Problem Solvers

Creating Seating Success Stories

Providing seating solutions for young mobility patients involves a number of factors. What should providers consider?

For mobility providers, serving young patients ushers in a whole host of unique challenges and issues, especially when it comes to seating. Determining the right seating solution for young patients can be difficult, because of one simple, universal challenge: they’re still growing.

HME Business sat down with Magdalena Love, OTR, ATP to learn more about this tricky subject. A “go to” resource on the subject, Love currently works for Permobil as Clinical Education Specialist, is an Assistive Technology Professional, and is an active member of AOTA and RESNA.

Love has considerable mobility expertise. She received her Masters of Occupational Therapy from University of Florida. Following a specialty affiliation as a research assistant at the National Institute of Health (NIH), she worked as an OT in the New York School system and at an outpatient pediatric clinic. In 2011, she went on to hold an OT position at The Institute for Rehabilitation and Research (TIRR) in Houston, Texas on both the Brain Injury then the Spinal Cord Injury/Specialty Rehab team. Magdalena was actively involved in seating and mobility clinics during her career at TIRR.

Love provided some detailed answers to various questions providers might ponder when it comes seating for young mobility patients.

What are some of the common problems/risks facing young mobility patients when it comes to seating?

“One of the most difficult aspects of working with pediatric clients is providing a seating system that allows for growth and modularity, without adding dysfunction. This can be a delicate balance — as the hardware often necessary for growth can be heavy or cumbersome — decreasing the child’s functional access to their environment for the sake of future growth.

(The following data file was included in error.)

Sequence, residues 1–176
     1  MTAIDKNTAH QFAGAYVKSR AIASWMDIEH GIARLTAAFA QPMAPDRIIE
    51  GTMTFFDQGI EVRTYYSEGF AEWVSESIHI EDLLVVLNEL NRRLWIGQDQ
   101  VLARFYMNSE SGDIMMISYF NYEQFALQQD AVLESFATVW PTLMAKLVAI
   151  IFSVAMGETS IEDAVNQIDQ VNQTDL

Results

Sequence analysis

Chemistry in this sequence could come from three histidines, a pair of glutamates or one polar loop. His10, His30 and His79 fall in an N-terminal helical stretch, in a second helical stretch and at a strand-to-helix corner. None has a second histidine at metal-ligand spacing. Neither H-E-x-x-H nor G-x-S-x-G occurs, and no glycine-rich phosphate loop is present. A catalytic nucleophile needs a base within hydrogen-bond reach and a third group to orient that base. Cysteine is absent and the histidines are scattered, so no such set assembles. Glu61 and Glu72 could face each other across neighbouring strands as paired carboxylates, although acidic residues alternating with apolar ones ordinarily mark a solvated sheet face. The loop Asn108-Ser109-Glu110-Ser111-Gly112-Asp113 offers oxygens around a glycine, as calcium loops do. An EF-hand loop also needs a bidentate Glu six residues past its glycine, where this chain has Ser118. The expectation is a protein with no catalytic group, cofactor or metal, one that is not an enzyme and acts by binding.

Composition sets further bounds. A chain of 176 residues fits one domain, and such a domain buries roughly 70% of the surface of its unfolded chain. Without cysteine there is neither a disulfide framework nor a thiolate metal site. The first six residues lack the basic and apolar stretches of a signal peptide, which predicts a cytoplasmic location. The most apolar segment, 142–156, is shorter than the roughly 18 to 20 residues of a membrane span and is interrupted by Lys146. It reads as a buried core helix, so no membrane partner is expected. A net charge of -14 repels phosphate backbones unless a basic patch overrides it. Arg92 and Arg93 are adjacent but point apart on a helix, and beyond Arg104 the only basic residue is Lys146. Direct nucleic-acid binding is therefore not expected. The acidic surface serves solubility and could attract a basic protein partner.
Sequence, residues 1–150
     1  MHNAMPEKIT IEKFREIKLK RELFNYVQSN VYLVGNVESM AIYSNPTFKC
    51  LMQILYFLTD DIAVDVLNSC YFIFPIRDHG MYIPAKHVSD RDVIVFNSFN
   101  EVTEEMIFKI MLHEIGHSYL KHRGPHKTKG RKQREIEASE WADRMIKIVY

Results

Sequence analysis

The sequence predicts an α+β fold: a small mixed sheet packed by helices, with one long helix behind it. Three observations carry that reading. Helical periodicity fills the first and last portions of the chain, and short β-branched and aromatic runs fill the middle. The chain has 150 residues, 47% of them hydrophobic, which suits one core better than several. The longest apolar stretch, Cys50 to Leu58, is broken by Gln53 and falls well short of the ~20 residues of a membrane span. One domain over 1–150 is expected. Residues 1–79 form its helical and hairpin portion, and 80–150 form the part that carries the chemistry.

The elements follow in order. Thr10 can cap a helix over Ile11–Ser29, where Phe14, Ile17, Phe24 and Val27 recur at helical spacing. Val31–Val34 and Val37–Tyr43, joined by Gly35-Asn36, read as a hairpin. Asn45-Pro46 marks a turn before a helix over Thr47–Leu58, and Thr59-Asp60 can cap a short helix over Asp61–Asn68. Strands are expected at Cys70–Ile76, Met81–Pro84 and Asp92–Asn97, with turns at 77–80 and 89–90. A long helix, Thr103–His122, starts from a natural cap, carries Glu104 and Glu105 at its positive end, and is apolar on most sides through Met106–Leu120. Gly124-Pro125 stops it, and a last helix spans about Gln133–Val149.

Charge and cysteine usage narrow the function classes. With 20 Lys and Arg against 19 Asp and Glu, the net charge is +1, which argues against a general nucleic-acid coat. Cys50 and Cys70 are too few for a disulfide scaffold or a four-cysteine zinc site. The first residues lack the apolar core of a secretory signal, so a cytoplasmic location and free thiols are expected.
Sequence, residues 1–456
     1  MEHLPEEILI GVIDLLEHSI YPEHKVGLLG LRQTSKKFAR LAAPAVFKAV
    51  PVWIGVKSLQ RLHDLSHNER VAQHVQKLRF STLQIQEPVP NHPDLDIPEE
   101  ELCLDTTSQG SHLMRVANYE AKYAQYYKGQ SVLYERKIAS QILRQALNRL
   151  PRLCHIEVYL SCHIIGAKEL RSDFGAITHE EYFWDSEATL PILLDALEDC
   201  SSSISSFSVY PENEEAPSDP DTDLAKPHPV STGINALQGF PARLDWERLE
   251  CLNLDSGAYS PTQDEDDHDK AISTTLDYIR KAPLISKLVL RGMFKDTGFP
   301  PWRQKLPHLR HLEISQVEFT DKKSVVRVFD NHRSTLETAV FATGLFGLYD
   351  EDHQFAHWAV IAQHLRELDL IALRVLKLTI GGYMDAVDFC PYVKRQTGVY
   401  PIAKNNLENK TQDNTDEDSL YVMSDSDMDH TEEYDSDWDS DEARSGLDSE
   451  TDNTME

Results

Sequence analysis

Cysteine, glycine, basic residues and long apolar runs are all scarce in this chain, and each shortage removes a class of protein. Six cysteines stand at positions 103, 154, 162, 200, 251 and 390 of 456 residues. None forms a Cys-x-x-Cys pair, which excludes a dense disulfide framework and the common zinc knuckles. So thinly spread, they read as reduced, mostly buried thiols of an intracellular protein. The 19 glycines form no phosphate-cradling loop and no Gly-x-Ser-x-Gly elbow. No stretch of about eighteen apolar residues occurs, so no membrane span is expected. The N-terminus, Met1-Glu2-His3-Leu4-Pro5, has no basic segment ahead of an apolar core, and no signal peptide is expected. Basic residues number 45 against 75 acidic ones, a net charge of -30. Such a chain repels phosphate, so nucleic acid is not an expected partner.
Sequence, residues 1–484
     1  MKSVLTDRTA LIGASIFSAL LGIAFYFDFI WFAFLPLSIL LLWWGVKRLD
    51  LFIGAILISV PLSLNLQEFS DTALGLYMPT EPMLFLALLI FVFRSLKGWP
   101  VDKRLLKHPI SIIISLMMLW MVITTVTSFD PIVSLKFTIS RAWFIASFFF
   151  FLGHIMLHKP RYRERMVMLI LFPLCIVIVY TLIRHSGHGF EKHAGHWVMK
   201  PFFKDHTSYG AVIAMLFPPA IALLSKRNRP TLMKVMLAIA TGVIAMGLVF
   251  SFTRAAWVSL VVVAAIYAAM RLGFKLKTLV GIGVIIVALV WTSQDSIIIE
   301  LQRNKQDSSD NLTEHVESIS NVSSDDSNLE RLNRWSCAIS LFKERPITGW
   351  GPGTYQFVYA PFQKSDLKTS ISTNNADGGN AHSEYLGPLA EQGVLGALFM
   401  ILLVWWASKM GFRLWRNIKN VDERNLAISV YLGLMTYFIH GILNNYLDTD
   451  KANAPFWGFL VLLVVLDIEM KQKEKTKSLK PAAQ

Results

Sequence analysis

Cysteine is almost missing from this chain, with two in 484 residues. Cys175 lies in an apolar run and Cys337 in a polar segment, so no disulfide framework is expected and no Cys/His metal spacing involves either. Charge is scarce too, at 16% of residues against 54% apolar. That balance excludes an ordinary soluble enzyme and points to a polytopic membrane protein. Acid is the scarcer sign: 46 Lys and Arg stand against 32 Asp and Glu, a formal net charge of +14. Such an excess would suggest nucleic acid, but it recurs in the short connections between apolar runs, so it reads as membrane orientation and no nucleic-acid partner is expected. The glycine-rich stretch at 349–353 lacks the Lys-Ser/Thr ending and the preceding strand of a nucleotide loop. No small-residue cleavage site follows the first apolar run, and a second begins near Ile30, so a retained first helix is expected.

“Another common difficulty with working with pediatric clients is knowing the correct balance of positioning equipment for the child. Especially in earlier intervention clients, its important to provide the support necessary to operate the device and get a stable visual field, however over positioning may hinder the development of trunk balance and postural reactions.

“Additionally, ATPs face the challenge of balancing family dynamics and the “status quo” of mobility products. For instance, a young child may be a candidate for powered mobility to maximize his or her exploration of the environment. Instead of viewing this as a learning opportunity and a way for the child to achieve functional independent mobility, caregivers might see the device as a last resort — in other words, evidence of “giving up” on other therapy goals.”

What are some of the key ways to mitigate these problems/risks? Are there specific types of product solutions that are key in this regard?

“Get products that allow for growth and modularity. There needs to be a plan in place when ordering the mobility device, how much is the child expected to grow (and in what direction), as well as how both the positioning equipment can potentially support and/or hinder daily functioning. Both the TiLite Twist and Permobil power wheelchairs have a significant amount of growth built into the system to assist with these clients. For clients who are on the cusp of being able to operate a powered mobility device, I love the GoBabyGo modified toy cars (www.udgobabygo.com) for introducing mobility as a therapeutic modality or a toy rather than a medical device.”

What about staff expertise? What kind of experts should providers have on the team if they want to ensure they are taking good care of young patients?

“The type of staff needed includes ATPs that can manage the client and the family. The most successful ATPs can manage all the people involved in the mobility device (teacher, therapist, mom, bus driver, etc.). There are lots of people to make happy with pediatric clients. The ATPs should be okay with taking some extra time to ensure that both client and family are trained in the use of the mobility device (especially important when considering powered mobility with individuals who have cognitive limitations).”

What are some key issues when dealing with referral partners as well as parents in these situations?

“I imagine that the mobility provider is somewhat ‘in the middle’ in these scenarios — how can it ensure that partners are satisfied, parents are not only happy, but educated on the mobility solution, and that the patient is happy and enjoying the chair and seating solution?

“The answers are communication, realistic expectations, and sensitivity to the child’s disability (especially very young or medically fragile). These mobility devices are tools to use in daily life, not an indication that therapy goals are being discontinued.

“If a provider has not obtained all required documents or one of the documents is not valid, it should not deliver the product; otherwise, it will be at risk for recoupment in an audit. Visit cms.gov for more information.”

This article originally appeared in the February 2015 issue of HME Business.

About the Author

David Kopf is the Executive Editor of HME Business and DME Pharmacy magazine. Follow him on Twitter at @postacutenews.

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